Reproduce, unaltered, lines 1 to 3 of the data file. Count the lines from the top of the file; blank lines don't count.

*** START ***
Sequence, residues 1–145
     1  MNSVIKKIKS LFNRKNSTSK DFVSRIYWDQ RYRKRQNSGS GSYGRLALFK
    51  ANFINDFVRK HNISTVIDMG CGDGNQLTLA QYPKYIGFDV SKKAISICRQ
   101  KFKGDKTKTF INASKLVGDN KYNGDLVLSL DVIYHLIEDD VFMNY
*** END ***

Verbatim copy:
Sequence, residues 1–145
     1  MNSVIKKIKS LFNRKNSTSK DFVSRIYWDQ RYRKRQNSGS GSYGRLALFK
    51  ANFINDFVRK HNISTVIDMG CGDGNQLTLA QYPKYIGFDV SKKAISICRQ